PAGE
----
Steven Reid was born and raised in the Bronx, New York. He is a second-year Master of International Affairs student concentrating in International Finance and Economic Policy and specializing in Data Analytics and Quantitative Analysis. After graduating from Villanova University with a Bachelor’s degree in Political Science and Latin American Studies, he worked in government and higher education budgeting and finance in Boston, Massachusetts.
What has been the most challenging part of your SIPA experience?
The constant flow of activity and the time management. There is always something going around campus/assignments due/a speaker you want to see. It took some practice in the beginning of first semester before I got the hang of getting my work done, enjoying all there is to offer on campus and being social with my SIPA classmates. Another challenging aspect of SIPA has been understanding the need to say “no” sometimes. It is stressful and demanding to attend all the events you want to go to, do your assignments and be social, so sometimes its important to say no to certain things. Prioritize and take time for yourself.
What has been the best part of your SIPA experience?
Definitely the people. The demanding nature of SIPA brings people together very quickly. There is a lot of group work in SIPA so the connections you make are very important. I have met some of the coolest people in my life here, and I have gotten very close to them in only a year. The community here is a huge mental resource for me when I feel overwhelmed.
What surprised you most about SIPA after you arrived?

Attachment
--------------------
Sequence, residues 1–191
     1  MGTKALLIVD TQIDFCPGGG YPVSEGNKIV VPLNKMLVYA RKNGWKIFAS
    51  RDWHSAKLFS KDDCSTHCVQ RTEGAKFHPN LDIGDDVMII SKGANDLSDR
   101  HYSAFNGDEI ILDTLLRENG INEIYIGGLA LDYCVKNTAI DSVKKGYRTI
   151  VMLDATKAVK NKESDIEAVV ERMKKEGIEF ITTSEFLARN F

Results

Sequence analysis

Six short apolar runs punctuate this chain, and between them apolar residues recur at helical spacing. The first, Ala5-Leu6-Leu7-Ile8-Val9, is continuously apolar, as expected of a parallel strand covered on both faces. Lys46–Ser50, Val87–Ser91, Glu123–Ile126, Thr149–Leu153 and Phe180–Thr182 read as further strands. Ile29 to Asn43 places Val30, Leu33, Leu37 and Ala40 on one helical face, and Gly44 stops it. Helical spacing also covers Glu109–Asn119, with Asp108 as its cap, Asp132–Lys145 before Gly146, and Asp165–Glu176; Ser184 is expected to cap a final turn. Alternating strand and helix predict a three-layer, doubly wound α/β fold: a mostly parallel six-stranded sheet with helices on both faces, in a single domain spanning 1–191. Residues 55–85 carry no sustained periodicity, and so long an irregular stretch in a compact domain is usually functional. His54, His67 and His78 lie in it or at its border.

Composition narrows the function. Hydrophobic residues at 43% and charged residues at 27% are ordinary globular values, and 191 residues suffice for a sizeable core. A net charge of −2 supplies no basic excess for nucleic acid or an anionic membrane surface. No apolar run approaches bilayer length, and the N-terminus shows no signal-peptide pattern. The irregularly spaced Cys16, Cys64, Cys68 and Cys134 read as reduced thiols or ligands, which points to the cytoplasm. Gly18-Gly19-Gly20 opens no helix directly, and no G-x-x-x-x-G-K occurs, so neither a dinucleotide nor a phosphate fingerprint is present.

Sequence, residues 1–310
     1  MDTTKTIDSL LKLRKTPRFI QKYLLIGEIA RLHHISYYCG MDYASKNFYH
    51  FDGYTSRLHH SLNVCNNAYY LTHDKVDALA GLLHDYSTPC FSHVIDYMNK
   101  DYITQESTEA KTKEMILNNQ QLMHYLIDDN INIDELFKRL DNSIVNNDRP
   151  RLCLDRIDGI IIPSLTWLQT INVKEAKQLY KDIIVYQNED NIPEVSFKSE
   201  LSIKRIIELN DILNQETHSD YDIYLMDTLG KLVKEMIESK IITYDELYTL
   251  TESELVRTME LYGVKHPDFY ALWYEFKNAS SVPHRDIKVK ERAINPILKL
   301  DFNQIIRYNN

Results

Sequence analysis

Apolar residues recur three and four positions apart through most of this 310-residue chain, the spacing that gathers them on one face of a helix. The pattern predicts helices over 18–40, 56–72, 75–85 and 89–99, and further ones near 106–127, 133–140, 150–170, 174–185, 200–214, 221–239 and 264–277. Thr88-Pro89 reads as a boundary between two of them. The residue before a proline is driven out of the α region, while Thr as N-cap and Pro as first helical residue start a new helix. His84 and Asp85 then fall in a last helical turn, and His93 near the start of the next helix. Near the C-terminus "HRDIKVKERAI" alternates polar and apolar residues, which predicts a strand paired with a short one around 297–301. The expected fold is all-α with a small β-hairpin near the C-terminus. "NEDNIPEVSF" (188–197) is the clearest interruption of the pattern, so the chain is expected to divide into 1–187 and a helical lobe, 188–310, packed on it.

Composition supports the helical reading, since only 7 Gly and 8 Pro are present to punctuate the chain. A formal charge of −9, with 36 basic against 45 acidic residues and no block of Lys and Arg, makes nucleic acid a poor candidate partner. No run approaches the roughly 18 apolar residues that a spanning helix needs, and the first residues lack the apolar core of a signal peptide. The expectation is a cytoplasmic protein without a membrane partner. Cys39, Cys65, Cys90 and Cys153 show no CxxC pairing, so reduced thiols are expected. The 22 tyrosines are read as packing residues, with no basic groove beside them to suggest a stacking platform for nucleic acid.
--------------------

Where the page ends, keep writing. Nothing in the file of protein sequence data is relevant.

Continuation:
The speed of graduate school. Everything happens much faster than undergraduate. I had been out of school for 5 years before I came to SIPA, so the learning curve for graduate school was steep. Assignments are handed out quickly after class begins and the semester becomes a whirlwind of papers, memos, problem sets and other assignments. The months fly by. At the end of the semester, I was surprised at how much work I had done in three months.
How did you find the core curriculum at SIPA?
It’s intense. It is a lot of quant-heavy coursework. For the person who has not dealt with a lot of quant and economics courses before, it can be daunting. But the professors and TAs provide a lot of support. I knew that quant and econ were going to take up a lot of my time the first semester, so I focused most on those two classes. I was lucky that my prior experience to SIPA dealt with a lot of math and econ, so I was already kind of comfortable with those topics.
What advice do you have for current applicants?
Don’t worry about trying to be the perfect student profile for SIPA. SIPA is very interested in individuals who have unique stories and histories. Just tell your story. Spend a lot of time on your application as well. SIPA wants to get to know who you are, so the more time you put into your application, the more detail you can give and the better picture SIPA has of you.
What was the most challenging aspect of the application process?
The GRE. I didn’t have the best GRE scores so I thought that I definitely was not getting accepted into SIPA, but lo and behold, I did. Test scores are just one part of the application, so do not worry too much if you didn’t do the best on them.
Did you have a lot of quantitative experience when you applied to SIPA? How did you perform in those classes?
I had taken economics courses during undergrad so I had some understanding of what we were going to be studying. I had some level of comfort with quantitative subject matter having had worked in the budgeting and finance fields. Even with my experience, the classes were still tough. But I studied hard, asked for help from my professors and TAs and did fine in the quantitative courses.